Put another way, in so far as some of the previous cases appeared to say that internal relocation applications would be restricted only in ‘exceptional’ circumstances, that is no longer the approach. As with an international relocation case, the court will need to consider the practicalities of the rival proposals, the motivation of the parents, the practicality of maintaining the child’s relationship with the non-moving parent if the move goes ahead, the child’s views about the rival proposals, and so on. Put more broadly, the correct approach is to look at the entire case in welfare terms, comparing the rival proposals which are before the court in a holistic and non-linear manner (Vos LJ at para ).
As part of this overall welfare analysis, the court should consider the proportionality of any of the proposed outcomes in Art 8 terms. This is not a separate analysis: rather it is ‘an essential part of the balancing exercise itself’, incorporated into the entire thinking process and not being allowed to disrupt the judge’s ‘joined-up decision-making process’ (para ).
is an important case which clears up a lot of confusion about the correct approach to an internal relocation case. While the ‘exceptionality’ approach has been on the back burner for some time, significant doubt had remained about the validity of those authorities, not least since the most recent internal relocation case, Re M (A Child)
 EWCA Civ 1755, had appeared to endorse ‘exceptionality’ as the continuing approach. Re C helpfully clarifies that these cases are no longer to be followed, and instead the approach is welfare down the line, informed by the same kinds of considerations as apply to international relocation cases.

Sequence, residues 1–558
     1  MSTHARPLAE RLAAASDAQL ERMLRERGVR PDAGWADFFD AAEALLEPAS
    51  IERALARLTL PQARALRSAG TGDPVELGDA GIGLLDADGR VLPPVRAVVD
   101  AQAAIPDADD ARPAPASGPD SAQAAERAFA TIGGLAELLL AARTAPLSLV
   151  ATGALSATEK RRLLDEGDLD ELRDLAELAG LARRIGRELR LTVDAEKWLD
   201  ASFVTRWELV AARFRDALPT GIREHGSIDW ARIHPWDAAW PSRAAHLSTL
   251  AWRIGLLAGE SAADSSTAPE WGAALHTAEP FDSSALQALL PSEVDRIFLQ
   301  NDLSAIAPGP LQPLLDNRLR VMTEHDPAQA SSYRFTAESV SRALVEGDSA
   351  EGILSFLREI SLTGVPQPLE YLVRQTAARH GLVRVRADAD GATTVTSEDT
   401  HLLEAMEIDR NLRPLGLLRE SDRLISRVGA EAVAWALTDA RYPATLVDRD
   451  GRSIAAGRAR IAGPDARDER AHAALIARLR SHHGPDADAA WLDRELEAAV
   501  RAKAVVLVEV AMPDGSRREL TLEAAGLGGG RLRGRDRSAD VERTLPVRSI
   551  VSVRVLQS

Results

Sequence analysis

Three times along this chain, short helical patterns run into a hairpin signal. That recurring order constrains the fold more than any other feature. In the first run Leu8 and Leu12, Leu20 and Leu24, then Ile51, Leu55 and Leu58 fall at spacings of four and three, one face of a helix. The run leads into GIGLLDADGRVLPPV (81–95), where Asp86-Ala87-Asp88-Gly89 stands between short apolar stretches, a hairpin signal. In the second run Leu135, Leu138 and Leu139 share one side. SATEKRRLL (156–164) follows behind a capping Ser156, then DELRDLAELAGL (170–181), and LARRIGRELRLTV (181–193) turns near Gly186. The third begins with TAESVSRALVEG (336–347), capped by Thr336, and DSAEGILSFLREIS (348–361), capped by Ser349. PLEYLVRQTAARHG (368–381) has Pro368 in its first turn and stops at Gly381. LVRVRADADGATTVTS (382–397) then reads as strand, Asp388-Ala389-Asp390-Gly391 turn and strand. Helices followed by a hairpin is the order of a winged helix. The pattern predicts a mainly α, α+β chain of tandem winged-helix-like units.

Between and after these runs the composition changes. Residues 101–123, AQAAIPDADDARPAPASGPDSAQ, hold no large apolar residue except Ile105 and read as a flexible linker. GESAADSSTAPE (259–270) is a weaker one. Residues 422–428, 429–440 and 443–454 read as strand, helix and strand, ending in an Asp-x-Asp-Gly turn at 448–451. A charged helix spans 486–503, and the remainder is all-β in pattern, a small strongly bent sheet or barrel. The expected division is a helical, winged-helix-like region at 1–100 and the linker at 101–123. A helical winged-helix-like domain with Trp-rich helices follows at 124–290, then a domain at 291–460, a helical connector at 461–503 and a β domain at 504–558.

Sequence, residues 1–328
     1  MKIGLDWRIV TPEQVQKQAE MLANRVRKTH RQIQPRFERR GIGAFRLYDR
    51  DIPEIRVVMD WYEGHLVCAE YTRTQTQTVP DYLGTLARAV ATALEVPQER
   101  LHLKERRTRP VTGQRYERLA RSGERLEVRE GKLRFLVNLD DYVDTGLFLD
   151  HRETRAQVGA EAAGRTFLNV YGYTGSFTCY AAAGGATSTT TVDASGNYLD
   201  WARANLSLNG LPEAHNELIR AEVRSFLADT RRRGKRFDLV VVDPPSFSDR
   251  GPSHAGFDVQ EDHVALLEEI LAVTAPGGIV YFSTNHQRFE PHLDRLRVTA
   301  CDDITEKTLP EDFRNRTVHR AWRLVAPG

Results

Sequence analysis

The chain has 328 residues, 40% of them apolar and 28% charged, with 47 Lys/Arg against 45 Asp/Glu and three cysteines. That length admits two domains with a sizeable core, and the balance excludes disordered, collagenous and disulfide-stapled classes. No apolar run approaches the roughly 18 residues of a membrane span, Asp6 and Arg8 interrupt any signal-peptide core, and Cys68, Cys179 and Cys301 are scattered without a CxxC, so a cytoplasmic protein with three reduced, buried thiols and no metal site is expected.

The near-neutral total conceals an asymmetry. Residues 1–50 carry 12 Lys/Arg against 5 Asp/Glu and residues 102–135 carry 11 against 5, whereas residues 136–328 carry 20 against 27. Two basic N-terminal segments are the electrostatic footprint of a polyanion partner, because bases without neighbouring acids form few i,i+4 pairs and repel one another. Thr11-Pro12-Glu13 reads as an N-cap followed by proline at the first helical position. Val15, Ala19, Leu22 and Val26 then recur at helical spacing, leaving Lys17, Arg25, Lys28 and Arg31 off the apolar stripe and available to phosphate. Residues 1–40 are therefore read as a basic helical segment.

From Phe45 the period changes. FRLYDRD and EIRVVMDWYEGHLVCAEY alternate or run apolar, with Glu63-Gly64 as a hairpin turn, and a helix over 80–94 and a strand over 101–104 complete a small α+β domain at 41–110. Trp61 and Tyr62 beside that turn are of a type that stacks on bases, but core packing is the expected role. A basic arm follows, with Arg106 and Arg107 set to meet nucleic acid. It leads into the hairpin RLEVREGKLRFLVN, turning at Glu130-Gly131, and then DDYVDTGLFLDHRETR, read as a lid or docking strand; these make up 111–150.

It was never clear why internal relocation cases were approached do differently from their international counterparts. As Black LJ points out in Re C
(paras -), it is difficult to discern any logical reason for this distinction, and those attempts which have been made in the past fail to provide a convincing answer. The decision to do away with the distinction entirely is therefore welcome.
A further important clarification to come from Re C
relates to the overall approach that we are to take to international relocation cases as well. There was some debate about whether there had been any change to the law in that area following Re F (International Relocation Cases)
 EWCA Civ 882. Black LJ’s judgment makes clear that she does not consider Re F to have made any difference to the approach set out by K v K
and other earlier international relocation cases.
Finally we see some further clarification about the on-going role of Payne v Payne
, now potentially applicable in a limited way to both international and internal relocation cases. It is interesting to note that in her summary of the approach, Black LJ does not refer to Payne at all, focusing instead on K v K
and the two Re F
cases. However, given the reliance placed by the trial judge upon the Payne factors in Re C
, it is unsurprising that the Court of Appeal commented that this reference was permissible ‘as part of [the] overall evaluation of the case’ (para ). As Bodey J said in his short concurring judgment:
‘a Judge is likely to find helpful some or all of the considerations referred to in Payne v Payne; but not as a prescriptive blueprint; rather and merely as a checklist of the sort of factors which will or may need to be weighed in the balance when determining which decision would better serve the welfare of the child.’ (para [85(c)])
Overall, Re C
is a welcome decision bringing a degree of clarity to this increasingly important area of the law.
The new edition of Relocation: A Practical Guide by Rob George, Frances Judd QC, Damian Garrido QC and Anna Worwood will be published by Family Law in early 2016, fully re-written to include Re C and other important recent developments in relocation law.
See also Rob's column, Last Orders: the View from the Bar, a regular monthly feature in Family Law. In the January issue Rob gives secure accommodation for vulnerable young people – and much else – his individual treatment. And there will be more on Re C in the February issue. Don’t miss it.